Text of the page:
Holyhead is surrounded by towering sea cliffs, some 600 millions years old. There is natural beauty all around, the sea, the beaches, the rugged coastline, and its countryside. This was once the bastion of the Druids, a mysterious order of priest like figures, it was a refuge for Welsh Princess who resisted Edward I during the 13th century, and it was the stronghold of the Welsh language when Henry VIII virtually eliminated it. The Welsh are Celtic and proud of it, although visitors don't need to worry, because although Welsh is commonly spoken here, everyone is bi-lingual and signs are in English.

Holyhead Car Hire is an excellent way of discovering the island’s many excellent fishing spots, its golf courses and of course it’s beautiful, unspoiled beaches. You can even cross the sea to Ireland for a few days, it takes just 99 minutes. But who are the famous couple who now make Anglesey their home? The Duke and Duchess of Cambridge, or William and Kate to the locals. RAF Valley is where the Duke is based, and the couple’s home at Aberffraw is on the south west coast. It’s not uncommon to see the couple out and about in their car, buzzing about on their red and white motorbike, or even in the local supermarket buying a few snacks, so keep your eyes peeled. 




Author: Kevin Hall+

Hull Car Hire


The Deep, Sammy's Point, Hull. By Tom Young on Flickr

Take your Hull Car Hire out on the roads of Yorkshire, and right on the banks of the Rivers Hull and Humber, you will come across one of the north of England’s most important cities. Hull has shaken off its image of a rather bleak city close to the North Sea coast, to become an absolute gem, an exciting, dynamic and entertaining place to visit.

Its residents are young and vibrant, friendly too, and since its revitalization, the city’s rich cultural heritage mixes well with a fun and lively social scene. There are great places to shop, every kind of food your heart could desire, as well as eight free museums, a fantastic aquarium, theatres, nightclubs - everything you need in a city break.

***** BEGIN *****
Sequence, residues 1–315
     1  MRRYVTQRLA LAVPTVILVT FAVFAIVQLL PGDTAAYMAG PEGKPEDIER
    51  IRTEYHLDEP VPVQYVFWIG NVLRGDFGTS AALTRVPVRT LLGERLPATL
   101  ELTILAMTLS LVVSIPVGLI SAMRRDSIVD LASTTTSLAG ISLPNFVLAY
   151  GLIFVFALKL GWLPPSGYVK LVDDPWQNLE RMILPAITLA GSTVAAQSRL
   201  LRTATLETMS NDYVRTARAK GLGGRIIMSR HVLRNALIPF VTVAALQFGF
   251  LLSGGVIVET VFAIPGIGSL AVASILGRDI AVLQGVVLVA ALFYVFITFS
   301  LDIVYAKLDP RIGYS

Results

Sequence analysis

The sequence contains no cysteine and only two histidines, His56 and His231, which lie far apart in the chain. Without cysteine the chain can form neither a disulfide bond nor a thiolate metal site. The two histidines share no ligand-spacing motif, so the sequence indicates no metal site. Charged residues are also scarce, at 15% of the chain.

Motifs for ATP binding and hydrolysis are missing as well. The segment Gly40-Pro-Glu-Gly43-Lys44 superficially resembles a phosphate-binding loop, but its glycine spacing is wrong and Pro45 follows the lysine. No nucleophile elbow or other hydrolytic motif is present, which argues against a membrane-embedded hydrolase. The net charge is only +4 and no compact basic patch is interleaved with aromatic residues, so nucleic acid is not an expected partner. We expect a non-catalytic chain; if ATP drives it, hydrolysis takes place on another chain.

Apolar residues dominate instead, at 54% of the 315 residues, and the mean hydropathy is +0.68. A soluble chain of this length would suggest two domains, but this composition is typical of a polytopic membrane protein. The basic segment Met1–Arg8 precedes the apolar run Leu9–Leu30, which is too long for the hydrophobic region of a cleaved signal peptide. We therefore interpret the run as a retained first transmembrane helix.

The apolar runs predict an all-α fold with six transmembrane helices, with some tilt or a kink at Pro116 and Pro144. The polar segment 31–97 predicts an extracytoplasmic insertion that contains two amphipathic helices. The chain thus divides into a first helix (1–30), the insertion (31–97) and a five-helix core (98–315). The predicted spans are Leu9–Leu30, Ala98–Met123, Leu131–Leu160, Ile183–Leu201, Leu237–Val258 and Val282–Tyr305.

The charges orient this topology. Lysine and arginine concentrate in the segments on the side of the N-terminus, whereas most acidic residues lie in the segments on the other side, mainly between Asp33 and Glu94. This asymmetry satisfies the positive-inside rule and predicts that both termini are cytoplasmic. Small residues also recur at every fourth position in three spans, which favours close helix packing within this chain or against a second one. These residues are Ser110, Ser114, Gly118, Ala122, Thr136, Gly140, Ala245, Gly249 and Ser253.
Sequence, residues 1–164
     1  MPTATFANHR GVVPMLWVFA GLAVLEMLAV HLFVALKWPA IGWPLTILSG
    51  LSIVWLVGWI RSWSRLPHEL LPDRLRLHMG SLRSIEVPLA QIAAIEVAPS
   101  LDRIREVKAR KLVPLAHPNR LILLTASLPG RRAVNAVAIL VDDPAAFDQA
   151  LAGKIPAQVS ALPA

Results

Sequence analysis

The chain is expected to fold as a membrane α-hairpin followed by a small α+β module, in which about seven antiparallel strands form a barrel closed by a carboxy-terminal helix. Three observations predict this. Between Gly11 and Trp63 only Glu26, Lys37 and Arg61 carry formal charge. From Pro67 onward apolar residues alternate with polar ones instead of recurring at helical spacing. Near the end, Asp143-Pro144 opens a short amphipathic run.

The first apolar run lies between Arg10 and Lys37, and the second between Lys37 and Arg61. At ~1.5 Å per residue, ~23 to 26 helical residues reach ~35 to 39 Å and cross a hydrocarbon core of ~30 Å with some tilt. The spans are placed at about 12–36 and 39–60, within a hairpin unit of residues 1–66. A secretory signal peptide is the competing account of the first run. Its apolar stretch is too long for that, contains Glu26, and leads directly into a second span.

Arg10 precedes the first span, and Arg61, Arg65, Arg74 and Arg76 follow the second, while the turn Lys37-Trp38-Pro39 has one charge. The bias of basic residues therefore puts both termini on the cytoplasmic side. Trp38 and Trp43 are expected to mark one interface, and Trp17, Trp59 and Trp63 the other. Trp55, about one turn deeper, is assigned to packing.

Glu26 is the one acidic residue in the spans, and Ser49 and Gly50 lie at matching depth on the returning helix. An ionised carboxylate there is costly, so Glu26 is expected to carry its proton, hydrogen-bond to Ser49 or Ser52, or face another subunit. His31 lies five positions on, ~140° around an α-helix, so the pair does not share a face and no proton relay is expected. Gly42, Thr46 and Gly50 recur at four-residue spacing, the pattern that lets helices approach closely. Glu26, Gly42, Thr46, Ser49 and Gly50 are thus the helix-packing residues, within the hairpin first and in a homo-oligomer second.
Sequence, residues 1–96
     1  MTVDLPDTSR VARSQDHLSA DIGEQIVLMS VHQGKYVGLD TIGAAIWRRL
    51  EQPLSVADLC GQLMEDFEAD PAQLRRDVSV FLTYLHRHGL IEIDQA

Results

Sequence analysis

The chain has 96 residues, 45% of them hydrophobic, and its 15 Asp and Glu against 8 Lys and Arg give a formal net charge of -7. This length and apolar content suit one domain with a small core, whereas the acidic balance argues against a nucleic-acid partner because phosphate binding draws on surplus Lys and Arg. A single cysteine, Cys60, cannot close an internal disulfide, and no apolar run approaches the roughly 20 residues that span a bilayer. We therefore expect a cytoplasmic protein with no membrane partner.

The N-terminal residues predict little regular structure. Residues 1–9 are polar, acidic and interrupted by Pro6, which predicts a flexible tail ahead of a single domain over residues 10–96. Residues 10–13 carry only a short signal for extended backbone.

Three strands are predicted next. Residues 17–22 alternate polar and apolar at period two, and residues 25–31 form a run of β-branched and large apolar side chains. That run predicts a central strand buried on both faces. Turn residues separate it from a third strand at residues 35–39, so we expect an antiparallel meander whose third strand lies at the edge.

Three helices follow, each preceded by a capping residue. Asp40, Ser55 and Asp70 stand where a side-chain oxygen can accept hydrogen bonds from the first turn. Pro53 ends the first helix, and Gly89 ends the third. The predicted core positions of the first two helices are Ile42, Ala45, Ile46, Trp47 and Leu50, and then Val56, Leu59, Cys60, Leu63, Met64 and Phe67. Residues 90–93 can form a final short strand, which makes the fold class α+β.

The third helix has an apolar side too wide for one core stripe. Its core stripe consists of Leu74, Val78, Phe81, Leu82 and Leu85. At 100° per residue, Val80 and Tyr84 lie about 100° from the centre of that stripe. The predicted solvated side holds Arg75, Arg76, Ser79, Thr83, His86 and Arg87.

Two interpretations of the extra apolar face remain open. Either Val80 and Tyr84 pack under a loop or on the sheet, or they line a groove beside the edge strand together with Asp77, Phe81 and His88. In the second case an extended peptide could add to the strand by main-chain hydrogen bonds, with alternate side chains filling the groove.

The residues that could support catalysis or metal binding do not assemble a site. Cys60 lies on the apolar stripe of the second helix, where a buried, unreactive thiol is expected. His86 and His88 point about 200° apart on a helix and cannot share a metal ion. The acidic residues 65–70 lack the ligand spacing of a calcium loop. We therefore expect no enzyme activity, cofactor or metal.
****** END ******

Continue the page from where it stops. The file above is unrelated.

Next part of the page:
In 1922, the city was known as Kings Town upon Hull, thanks to King Edward. Kings Town soon became Kingston, but even then it was quite a mouthful, so these days it’s simply known as Hull. In King Edwards's day,  the city was a thriving port town, a trading hub, a whaling and fishing centre, but during the Second World War the Hull Blitz caused devastation. Trade suffered, social and education standards dropped, and times were tough. But in the early 21st century spending increased rapidly, and not only did the city see massive investment in retail, housing and public services, attractions for tourists such as the Hull Marina and The Deep, one of the city’s landmarks were also created.

The city of Hull is a culture rich and diverse city to explore with something for everyone, from culture vultures to all night partygoers.




Author: Kevin Hall+

Humberside Car Hire


Right down the Runway, near to Humberside International Airport, by Geograph.org.uk

Once upon a time, not so long ago, Humberside was a county in Northern England. It bordered North Yorkshire to the north and west, South Yorkshire and Nottinghamshire to the southwest, Lincolnshire to the south, and the cold North Sea to the east. But when you visit it today, in your Humberside Car Hire, you will in fact not be there at all, as on the 1 April 1996, Humberside was abolished and replaced by four unitary authorities: North Lincolnshire, North East Lincolnshire, Kingston upon Hull and East Riding of Yorkshire.

By 1964, the name Humberside was used to describe the area on both sides of the Humber Estuary which included the busy ports of Hull, Grimsby and Goole. The name brought the people of the area together; it was also widely used by the local authorities, who were trying desperately to promote the construction of a suspension bridge. Before the Humber Bridge was built, passengers would have the option of a ferry crossing or a long drive to cross the water, but after its construction, the bridge became the sixth largest of its type in the world, and reduced the travelling distance between Hull and Grimsby by 50 miles (80km)

So, although today you may officially not be in Humberside, you may not even know it as the name continues to be used in all kinds of institutions such as Radio Humberside, Humberside Police and Humberside Airport. It also remains the name of an extremely difficult dance – the Humberside Egg Dance.




Author: Kevin Hall+